Wireless Communications and Mobile Computing

Artificial Intelligence for Cognitive Radio Networks


Publishing date
01 Sep 2021
Status
Closed
Submission deadline
14 May 2021

Lead Editor

1SRM Institute of Science and Technology, Chennai, India

2Sri Chandrasekharendra Saraswathi Viswamahavidyalaya, Kancheepuram, India

3Deakin University, Geelong, Australia

This issue is now closed for submissions.
More articles will be published in the near future.

Artificial Intelligence for Cognitive Radio Networks

This issue is now closed for submissions.
More articles will be published in the near future.

Description

In this digital era, billions of smart devices are connected together globally. The massive increase in the number of wireless smart devices requires increased spectrum resources. But with limited spectrum resources, there is a need to find an alternative where the spectrum resources are efficiently managed and utilized. Cognitive radio (CR) defines the dynamic behavioural model of the radio network for improved spectrum and bandwidth usage. CR identifies the free channels in the spectrum and uses it for communication by dynamically changing the transmission parameters and leads to the better utilization of channel resources. CR defines two types of users: primary users (PU) and secondary users (SU) in the network. CR assigns the unused PU channels to SU and again when the channel is needed for PU, the channels will be reassigned to PU. In the current context, cognitive radios are expected to possess learning and decision-making capabilities. Some of the applications of cognitive radios are selecting low-cost radio channels, improved spectrum utilization, establishing reliable links, etc. In addition, channel quality is an important factor for reliable communication which must be ensured by CR. Thus, CR has to ensure efficient channel utilization and accessing better quality channels for SU data transmission. Additionally, when the allotted channels for SU is again given back to PU, CR should assign new channels for SU. On assigning and reassigning the channels between PU and SU, there should be no security flaws in the network. In the aforementioned applications, CR is expected to be fully aware of its network parameters and should have the capability of dynamically changing its network behaviour to make use of the available bandwidth and quality channels.

Artificial Intelligence (AI) is the set of techniques that mimics human ways of thinking and capabilities in machines. The dynamicity and decision making required by the CR will be supported by AI techniques. In general, CR exhibits sensing, learning, reasoning, and adapting to the spectrum environment. In the learning and reasoning phase of CR, AI techniques are having profound applications. A robust AI technique for learning and reasoning of CR will increase its efficiency and security by multiple factors. Machine learning (ML) and Reinforcement Learning (RL) algorithms are also giving promise to an energy-efficient model for cognitive networks. AI-based CR will improve the efficiency and widespread usability of Wireless Sensor Networks (WSN), Industrial Internet of Things (IIoT), Software Defined Networks (SDN), and Mobile Ad hoc Networks (MANET).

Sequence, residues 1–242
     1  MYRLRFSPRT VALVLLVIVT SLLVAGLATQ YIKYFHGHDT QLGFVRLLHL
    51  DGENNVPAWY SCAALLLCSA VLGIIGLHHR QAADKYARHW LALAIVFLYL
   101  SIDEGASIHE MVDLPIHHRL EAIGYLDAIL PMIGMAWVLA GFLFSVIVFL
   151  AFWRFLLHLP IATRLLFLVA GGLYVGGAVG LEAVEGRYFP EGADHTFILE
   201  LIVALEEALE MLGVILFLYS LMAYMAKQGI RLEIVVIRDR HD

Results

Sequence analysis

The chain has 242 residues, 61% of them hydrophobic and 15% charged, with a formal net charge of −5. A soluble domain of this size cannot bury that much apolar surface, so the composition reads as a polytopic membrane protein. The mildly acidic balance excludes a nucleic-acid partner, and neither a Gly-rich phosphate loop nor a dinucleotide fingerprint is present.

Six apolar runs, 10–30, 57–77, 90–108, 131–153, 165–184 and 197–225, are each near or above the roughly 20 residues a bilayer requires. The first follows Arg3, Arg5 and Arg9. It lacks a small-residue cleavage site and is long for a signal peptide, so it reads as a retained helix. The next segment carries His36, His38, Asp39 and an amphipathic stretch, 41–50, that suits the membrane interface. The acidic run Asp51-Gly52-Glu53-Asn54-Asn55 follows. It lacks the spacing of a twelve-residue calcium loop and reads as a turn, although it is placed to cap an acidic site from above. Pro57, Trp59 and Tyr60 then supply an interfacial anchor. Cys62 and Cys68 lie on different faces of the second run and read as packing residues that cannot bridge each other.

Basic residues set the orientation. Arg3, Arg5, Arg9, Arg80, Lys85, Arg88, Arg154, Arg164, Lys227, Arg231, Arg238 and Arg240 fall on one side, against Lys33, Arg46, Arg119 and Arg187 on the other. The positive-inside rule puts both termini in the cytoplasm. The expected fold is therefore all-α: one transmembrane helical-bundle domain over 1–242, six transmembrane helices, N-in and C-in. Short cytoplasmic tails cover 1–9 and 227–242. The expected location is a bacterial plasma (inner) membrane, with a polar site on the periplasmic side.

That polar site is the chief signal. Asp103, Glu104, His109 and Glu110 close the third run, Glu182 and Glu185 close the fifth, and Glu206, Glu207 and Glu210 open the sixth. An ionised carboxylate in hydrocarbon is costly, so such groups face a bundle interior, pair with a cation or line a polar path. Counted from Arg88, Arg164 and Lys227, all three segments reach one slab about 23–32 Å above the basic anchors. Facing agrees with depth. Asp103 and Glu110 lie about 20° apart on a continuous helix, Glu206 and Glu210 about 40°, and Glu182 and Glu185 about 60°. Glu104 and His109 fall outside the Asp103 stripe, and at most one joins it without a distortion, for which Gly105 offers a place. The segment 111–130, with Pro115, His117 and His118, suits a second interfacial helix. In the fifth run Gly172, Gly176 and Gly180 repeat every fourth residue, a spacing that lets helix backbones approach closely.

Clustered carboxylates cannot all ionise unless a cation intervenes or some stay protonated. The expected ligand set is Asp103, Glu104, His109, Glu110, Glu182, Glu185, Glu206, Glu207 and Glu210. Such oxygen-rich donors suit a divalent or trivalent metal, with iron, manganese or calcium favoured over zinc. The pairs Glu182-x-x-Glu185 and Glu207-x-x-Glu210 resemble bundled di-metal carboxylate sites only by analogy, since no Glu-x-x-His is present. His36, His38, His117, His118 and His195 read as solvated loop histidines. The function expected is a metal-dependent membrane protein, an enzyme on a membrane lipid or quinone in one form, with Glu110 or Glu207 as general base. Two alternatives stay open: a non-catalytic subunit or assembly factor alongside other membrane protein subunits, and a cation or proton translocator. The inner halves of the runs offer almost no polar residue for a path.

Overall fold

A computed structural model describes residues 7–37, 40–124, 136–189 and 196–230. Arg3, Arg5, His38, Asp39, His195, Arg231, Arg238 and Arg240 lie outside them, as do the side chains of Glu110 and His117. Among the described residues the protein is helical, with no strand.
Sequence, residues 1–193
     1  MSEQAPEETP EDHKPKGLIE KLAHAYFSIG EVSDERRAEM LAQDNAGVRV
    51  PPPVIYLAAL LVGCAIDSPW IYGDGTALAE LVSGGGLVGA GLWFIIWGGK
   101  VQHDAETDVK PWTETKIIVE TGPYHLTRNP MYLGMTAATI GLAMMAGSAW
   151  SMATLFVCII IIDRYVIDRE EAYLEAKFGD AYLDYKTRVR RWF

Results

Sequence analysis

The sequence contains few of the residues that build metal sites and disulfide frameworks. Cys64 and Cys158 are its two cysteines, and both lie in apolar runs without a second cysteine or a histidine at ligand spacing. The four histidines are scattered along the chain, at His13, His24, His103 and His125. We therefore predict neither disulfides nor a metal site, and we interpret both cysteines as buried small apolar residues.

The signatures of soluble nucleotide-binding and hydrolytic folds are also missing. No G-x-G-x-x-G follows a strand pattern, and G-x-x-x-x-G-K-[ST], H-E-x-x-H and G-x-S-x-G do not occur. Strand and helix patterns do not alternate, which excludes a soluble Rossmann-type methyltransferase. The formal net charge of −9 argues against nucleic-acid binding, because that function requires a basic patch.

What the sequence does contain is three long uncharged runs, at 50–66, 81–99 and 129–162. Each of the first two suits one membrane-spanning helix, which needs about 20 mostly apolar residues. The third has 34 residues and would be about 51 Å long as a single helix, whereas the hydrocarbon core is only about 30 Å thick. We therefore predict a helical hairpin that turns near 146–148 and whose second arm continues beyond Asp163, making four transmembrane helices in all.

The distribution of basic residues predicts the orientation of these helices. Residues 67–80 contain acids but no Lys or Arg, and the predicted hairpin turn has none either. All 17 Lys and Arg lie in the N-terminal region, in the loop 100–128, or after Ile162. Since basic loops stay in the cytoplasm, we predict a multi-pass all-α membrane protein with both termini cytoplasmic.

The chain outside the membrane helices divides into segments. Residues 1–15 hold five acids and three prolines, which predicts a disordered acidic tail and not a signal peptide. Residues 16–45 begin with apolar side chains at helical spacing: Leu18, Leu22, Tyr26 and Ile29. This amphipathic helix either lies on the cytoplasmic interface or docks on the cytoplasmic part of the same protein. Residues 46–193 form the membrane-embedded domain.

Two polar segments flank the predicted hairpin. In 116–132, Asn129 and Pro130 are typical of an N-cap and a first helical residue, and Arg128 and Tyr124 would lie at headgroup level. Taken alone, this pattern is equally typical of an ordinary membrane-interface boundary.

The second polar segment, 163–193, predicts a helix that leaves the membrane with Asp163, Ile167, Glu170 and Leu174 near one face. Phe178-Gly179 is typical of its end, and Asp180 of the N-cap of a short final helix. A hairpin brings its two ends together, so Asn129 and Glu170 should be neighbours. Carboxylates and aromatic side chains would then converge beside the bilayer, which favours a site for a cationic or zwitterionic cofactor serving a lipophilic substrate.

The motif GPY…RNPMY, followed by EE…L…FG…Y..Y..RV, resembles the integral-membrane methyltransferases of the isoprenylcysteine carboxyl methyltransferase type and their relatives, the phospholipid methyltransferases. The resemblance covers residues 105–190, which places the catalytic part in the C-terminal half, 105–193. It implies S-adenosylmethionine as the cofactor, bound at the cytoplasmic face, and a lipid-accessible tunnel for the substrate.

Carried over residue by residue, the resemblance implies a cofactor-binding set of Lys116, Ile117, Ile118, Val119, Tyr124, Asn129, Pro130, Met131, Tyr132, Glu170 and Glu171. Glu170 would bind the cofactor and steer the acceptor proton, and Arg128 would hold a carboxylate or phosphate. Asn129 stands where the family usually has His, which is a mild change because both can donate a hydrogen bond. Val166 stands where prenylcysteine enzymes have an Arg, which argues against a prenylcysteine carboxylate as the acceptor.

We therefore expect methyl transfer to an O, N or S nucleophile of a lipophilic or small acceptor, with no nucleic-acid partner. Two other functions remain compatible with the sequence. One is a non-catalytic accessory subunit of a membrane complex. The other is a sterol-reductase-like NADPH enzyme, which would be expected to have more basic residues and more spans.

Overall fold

The aim of this Special Issue is to explore the recent advancements made in CR networks with the support of AI techniques. Original research and review articles are welcome.

Potential topics include but are not limited to the following:

  • Novel AI-enabled radio and network framework, algorithms, convergence, and performance analysis
  • Cognitive radio for wireless sensor network deployment
  • AI for physical layer issues, e.g., channel estimation, interference alignment, and coding
  • AI-inspired MAC and routing protocols for CR network
  • AI algorithms in network access and transmit control, e.g., channel allocation, power and rate control
  • AI-based dynamic channel switching in CR
  • Practical applications of CR in wireless sensor networks testbed
  • AI algorithms for traffic engineering, scheduling, network slicing, and virtualization
  • AI algorithms in mobile edge computing, wireless caching, and mobile data offloading
  • AI algorithms for network economics, auctions, multi-agent learning, and crowdsourcing
  • Signal estimation and traffic parameter estimation using AI in CR
  • Security measures in the cognitive wireless networks
  • Dynamic network infrastructure management analysis through AI
  • Collaborative IoT network sensor management using AI
  • Machine learning and reinforcement learning for improving energy efficiency models of cognitive wireless networks
Wireless Communications and Mobile Computing
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